Tewksbury Public Schools Superintendent Brenda Regan and Business Manager David Libby, along with School Committee Chair Bridget Garabedian, addressed the North and Trahan School Reuse Committee last night. The main topic of discussion: whether there is a need to hold the North St. or Trahan property for a new elementary school in the future.
Regan provided some history of other school building projects, saying that the town’s four elementary schools were actually more in need of replacement than the high school, but that TMHS was prioritized because the condition of the building threatened accreditation. Next, the town undertook the grades 2, 3 and 4 elementary school that’s set to be completed in January, with funding from the Mass. School Building Authority.
“MSBA told us, ‘The minute this school is complete, come back to the table,’” said Regan. “They understood the need.”
Getting a new school built is about a six-year process. Given that, Regan said she sees no reason the School Committee would not turn over both properties to the town.
Committee Chair Bruce Shick asked about available funding to take down one or both buildings. Libby addressed the contingency funds that remain in the new Center Elementary School budget but cautioned that the school is not yet complete, so some of that money could still be spent on punch list items.
As of the last Elementary School Building Committee meeting, only 12% of the town’s owner contingency, or the amount set aside for scope modifications and additions, had been used, leaving about $1.63 million. The construction contingency, or the amount built into the contractor’s anticipated price for the project, has 40% remaining, about $1.06 million.
Regan also cautioned that town counsel should weigh in on whether these funds may be used for something other than the current project, saying she doesn’t believe that there is a line item for removal of the North St. or Trahan school.
Regan said North St. is the more desirable of the two properties for a new, combined lower elementary school, based on its central location.
There were no resident comments.
The Committee was able to delve into more detail on the recent survey results. About 300 people out of close to 900 respondents asked to be notified of the upcoming public information meeting, which will be held next Thursday evening from 6:30 – 8 p.m. at TMHS.
Chair Bruce Shick shared word clouds of the open response questions on what residents do not want to see at the sites. The results are consistent with how respondents answered the structured questions: No to housing, no to business, yes to parks and open space. A clear majority, 65%, want the town to hold on to the properties for future use.
In closing, members offered their initial thoughts on a recommendation, given the currently available information.
Update: The estimated cost to take down both buildings is $4.6 million.
“I know people want open space, but my concern is, where is the funding?” said member Mark Kratman. “It’s really going to come down to, what are the residents willing to pay for?”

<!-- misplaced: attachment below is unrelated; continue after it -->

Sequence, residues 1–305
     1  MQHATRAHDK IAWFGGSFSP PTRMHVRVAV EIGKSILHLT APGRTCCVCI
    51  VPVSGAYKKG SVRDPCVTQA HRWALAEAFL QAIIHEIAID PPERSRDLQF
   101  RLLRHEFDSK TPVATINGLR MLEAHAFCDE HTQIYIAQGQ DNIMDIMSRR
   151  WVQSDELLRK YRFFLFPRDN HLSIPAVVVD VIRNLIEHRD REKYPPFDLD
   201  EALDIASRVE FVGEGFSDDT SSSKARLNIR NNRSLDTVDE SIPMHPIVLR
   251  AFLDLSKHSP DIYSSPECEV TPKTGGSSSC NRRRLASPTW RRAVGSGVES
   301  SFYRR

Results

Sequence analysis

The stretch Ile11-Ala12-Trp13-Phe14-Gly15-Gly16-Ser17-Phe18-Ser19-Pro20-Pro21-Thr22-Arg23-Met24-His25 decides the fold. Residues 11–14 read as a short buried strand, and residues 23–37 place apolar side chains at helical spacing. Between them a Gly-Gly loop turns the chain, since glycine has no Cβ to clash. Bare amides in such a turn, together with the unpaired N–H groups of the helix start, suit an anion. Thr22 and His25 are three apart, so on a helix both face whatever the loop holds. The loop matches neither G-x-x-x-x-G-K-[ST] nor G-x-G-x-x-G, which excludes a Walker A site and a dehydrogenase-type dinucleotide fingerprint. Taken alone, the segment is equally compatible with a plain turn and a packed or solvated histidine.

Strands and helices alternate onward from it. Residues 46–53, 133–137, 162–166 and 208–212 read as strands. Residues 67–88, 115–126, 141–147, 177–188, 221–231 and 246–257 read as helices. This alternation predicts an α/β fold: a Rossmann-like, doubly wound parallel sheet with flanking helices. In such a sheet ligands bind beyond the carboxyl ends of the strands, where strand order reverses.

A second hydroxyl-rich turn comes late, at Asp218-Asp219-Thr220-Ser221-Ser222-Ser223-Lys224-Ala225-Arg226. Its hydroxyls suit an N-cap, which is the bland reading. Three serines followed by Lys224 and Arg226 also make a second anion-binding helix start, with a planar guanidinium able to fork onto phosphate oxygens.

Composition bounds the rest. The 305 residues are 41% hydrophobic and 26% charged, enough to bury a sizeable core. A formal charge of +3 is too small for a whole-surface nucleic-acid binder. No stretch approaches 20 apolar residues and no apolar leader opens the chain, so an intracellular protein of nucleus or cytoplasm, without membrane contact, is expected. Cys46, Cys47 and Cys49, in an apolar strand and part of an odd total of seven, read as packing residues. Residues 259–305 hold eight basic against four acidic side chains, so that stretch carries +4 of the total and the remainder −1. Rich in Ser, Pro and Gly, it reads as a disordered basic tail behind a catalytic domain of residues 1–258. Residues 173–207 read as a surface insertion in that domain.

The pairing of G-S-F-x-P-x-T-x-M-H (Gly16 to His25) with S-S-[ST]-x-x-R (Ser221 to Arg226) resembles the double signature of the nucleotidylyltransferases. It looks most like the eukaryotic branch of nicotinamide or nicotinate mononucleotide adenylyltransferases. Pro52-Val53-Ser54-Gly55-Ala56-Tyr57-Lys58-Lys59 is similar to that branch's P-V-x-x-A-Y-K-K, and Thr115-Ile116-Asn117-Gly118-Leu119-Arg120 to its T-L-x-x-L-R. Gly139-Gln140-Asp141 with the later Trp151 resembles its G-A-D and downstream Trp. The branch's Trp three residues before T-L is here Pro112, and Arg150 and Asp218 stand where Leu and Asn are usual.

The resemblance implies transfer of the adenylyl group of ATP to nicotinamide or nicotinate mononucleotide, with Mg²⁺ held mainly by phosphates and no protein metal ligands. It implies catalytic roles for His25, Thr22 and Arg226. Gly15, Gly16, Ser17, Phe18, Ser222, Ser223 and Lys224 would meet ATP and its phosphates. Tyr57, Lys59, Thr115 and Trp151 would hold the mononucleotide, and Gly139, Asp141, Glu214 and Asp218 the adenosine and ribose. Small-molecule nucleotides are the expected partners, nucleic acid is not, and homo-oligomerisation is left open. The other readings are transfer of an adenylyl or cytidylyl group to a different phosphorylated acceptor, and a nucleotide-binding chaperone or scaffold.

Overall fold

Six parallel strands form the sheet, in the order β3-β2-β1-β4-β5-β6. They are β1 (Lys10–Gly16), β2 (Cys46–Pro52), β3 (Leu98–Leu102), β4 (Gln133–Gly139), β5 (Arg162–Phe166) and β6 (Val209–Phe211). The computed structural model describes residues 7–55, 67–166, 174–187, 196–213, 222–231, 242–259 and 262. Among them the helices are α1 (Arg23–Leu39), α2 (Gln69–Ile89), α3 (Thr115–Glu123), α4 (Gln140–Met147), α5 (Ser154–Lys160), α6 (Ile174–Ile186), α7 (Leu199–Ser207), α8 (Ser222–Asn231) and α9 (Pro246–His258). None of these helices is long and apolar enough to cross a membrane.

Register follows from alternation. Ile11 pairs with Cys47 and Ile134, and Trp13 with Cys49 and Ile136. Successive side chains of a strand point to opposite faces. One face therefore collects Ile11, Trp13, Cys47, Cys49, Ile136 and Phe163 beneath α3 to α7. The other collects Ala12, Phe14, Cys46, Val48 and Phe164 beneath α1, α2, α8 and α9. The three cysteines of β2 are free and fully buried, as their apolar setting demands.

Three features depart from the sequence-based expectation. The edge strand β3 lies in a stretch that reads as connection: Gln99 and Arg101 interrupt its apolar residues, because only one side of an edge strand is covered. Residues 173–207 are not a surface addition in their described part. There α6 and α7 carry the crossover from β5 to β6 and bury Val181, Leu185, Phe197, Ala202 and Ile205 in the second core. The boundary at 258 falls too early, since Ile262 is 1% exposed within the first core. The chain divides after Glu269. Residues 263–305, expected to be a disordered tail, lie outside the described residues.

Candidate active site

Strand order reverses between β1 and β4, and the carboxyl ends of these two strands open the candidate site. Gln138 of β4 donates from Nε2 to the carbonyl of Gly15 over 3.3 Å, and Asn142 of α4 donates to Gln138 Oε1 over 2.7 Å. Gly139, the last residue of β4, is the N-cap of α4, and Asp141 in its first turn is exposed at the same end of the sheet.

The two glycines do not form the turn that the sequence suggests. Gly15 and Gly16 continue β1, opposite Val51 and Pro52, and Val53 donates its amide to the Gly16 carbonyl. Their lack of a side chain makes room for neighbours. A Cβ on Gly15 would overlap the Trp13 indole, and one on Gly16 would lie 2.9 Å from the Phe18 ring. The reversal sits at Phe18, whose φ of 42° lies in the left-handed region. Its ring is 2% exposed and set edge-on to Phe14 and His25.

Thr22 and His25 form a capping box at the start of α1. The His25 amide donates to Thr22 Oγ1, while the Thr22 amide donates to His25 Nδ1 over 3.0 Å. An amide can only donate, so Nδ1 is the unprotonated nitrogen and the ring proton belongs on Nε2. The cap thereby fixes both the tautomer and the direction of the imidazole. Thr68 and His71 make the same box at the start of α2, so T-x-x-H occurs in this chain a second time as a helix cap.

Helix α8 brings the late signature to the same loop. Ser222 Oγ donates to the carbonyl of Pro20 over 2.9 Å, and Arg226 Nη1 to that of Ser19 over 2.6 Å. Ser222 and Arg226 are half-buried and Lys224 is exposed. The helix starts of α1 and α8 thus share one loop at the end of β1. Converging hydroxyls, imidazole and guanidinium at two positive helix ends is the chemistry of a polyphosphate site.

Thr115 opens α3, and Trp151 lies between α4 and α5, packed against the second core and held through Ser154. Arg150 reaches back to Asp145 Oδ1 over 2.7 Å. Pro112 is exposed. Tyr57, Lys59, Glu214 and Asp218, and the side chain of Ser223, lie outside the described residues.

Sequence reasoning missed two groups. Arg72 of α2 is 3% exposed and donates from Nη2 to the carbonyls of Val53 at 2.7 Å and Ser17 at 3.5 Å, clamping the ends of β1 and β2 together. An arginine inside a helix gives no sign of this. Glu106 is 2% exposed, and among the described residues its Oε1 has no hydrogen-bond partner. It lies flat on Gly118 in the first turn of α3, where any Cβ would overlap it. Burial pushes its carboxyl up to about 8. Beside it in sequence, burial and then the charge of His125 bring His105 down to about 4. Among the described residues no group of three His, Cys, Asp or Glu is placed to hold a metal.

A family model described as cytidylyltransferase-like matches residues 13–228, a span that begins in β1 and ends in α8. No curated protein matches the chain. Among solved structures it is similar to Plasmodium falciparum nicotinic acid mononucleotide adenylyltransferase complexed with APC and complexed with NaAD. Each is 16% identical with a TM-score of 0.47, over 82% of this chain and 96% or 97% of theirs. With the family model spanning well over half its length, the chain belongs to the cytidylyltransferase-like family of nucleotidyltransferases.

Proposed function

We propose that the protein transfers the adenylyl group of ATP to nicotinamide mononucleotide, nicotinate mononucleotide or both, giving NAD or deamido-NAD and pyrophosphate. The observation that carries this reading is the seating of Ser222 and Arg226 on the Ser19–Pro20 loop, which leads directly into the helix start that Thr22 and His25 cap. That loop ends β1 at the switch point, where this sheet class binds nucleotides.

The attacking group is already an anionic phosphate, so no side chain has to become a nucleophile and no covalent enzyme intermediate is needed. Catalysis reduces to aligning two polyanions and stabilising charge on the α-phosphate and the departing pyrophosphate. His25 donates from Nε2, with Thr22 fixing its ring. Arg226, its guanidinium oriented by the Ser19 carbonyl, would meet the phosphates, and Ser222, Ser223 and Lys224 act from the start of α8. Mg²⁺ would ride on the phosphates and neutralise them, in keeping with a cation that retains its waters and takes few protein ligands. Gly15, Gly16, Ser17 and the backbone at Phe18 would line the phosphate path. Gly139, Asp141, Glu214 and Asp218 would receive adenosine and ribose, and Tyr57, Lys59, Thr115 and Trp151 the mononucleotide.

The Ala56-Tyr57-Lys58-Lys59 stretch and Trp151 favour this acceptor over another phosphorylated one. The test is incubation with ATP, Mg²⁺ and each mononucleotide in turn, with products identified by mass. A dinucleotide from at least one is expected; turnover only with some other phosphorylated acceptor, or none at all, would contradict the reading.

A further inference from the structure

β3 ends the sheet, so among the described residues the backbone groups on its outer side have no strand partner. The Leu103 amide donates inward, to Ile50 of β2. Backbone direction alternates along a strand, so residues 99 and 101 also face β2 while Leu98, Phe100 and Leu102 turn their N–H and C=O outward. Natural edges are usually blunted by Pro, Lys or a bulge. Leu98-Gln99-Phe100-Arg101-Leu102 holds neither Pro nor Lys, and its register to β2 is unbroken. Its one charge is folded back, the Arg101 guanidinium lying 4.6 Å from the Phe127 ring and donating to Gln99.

”I don’t think it’s this committee’s job to find the funds,” said member Kayla Biagioni-Smith.
Shick pointed out that open space “costs close to nothing” and that Community Preservation Funds and grants are available.
“It really doesn’t take long for an empty lot to become open space as the trees grow,” said Shick, who also pointed out that affordable housing is a priority for the town. “If we reserved the back side of the Trahan for small units, deed restricted, that’s one way to solve the housing problem,” he said, suggesting tiny houses or accessory dwelling units of 600 to 800 square feet that would bolster the town’s affordable housing stock.
Members Kristen Smith, Jeff Elwell and Biagioni-Smith shared that their initial recommendations would be to demolish the buildings as soon as possible and maintain the properties as open space, with a boardwalk to the Frasca Soccer Complex from North St. and recreation space at the Trahan.
“There’s not really anything on that side of town,” said Elwell of the South Tewksbury property.
Kratman agreed, but shared that he would be open to using “a small portion” of the Trahan site to build something to bring in revenue, such as affordable senior housing, which would have less traffic impact than family housing.
Member John Deputat, who chairs the Tewksbury Housing Authority, called out the complexity of the town constructing housing versus private developers.
“The Housing Authority is not in the business of being landlords,” Deputat said. “It’s not easy.”
Shick’s initial recommendation is that both schools come down and that North St. is left relatively undeveloped, potentially with a low-cost option, such as a pickleball court, and with the boardwalk paid for by Open Space or CPA funds.
“The Trahan, which happens to be my neighborhood, should be mostly park but with some small-scale housing,” said Shick. “Leave the possibility open.”